GPS app connects cardiac arrest patients, CPR-trained residents

GREENFIELD — A smartphone app that alerts CPR-trained community members of nearby medical emergencies is now available in Hancock County.

PulsePoint uses GPS to alert specially trained residents to a medical emergency that’s happening near them in a public place. The app provides the address of the emergency and shows a map with the location pinpointed.

Local stakeholders, including Hancock Regional Hospital officials and first-responders, announced Wednesday that PulsePoint is now available to Hancock County residents.

The app is available for both the iPhone and Android smartphones and connects seamlessly to the computer programs 911 dispatchers use to send police, fire and medical personnel to an emergency.

Now, when a call about a cardiac arrest comes into 911 center, PulsePoint will automatically recognize the address and send out an alert to any nearby participants’ cellphones, telling them someone in their vicinity needs help.

Hancock Regional Hospital and the local emergency dispatch center have partnered to bring the $18,000 program to Hancock County, hoping it will empower everyday citizens to help their neighbors.

More than 350,000 sudden cardiac arrests — when a person’s heart suddenly stops beating, causing them to drift in and out of consciousness as their breathing becomes shallow — happen across the country each year. About 90 percent of those instances turn out to be fatal, said Dr. Stephanie Gardner, a Hancock Emergency Department physician and the county’s EMS medical director.

Irreversible brain damage can occur in the first four minutes of unconsciousness, so starting CPR can make all the difference, Gardner said. Using PulsePoint can ensure someone with the skills to help is at the person’s side as quickly as possible while fire department paramedics are en route, she said.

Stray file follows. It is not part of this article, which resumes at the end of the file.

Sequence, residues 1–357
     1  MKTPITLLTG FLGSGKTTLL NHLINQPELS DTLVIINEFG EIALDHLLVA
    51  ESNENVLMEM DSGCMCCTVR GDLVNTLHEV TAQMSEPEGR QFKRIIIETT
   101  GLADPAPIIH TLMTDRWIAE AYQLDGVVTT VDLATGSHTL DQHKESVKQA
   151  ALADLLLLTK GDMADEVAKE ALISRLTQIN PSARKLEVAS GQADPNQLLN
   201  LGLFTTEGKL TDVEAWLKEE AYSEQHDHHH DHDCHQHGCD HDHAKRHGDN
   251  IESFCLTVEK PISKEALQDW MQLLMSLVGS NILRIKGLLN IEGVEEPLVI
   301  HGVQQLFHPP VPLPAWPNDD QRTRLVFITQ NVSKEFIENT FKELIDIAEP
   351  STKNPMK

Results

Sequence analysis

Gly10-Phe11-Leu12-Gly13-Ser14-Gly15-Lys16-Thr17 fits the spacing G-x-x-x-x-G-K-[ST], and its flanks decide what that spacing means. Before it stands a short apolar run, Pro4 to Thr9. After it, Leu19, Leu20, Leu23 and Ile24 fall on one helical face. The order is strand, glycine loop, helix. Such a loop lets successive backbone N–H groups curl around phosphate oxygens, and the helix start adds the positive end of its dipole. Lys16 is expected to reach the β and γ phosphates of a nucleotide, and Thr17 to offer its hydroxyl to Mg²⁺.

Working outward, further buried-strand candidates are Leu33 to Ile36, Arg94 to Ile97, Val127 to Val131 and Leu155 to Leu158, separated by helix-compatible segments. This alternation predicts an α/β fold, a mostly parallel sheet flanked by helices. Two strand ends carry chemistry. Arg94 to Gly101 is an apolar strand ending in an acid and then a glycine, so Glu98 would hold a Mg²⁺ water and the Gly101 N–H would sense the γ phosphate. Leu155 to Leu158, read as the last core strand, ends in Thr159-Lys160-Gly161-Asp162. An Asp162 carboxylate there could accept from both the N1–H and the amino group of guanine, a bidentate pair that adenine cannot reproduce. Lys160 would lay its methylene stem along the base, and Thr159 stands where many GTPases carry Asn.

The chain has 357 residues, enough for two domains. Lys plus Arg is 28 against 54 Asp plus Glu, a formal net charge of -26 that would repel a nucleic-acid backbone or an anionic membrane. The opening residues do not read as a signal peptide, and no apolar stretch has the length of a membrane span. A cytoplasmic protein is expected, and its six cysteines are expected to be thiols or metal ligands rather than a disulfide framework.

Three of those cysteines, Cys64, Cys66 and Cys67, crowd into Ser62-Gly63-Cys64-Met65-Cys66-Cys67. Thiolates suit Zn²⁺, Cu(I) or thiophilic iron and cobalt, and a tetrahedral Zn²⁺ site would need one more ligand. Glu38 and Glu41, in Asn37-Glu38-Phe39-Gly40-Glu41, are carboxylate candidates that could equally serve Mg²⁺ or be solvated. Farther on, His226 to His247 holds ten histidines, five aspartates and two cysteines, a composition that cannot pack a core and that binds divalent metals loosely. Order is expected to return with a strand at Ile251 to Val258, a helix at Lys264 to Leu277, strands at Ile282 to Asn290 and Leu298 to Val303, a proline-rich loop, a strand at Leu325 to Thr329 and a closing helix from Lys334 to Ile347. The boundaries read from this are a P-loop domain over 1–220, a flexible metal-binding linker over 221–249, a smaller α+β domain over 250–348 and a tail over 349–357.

The American Heart Association estimates that effective hands-only CPR provided immediately after a cardiac emergency can double or triple a person’s chance of survival, but only 46 percent of sudden cardiac arrest victims received bystander CPR in 2016.

“Our goal is to get properly trained citizens as well as off-duty first-responders to a patient as quickly as possible to save lives,” said John Jokantas, director of communications for the Hancock County Emergency Operations Center, in a news release. “We are very proud to partner with Hancock Regional Hospital in this project.”

Hancock County resident Sun Fannin spoke briefly during Wednesday during a presentation at Hancock Regional Hospital to encourage residents to download PulsePoint.

Fannin said her son, TeJay Ballenger, suffered a heart attack at work one day in 2016. His life was saved because his coworkers intervened, started CPR and called 911.

“Don’t be afraid,” she said. “Your actions can only help.”

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Caitlin VanOverberghe is a reporter at the Greenfield Daily Reporter. She can be reached at 317-477-3237 or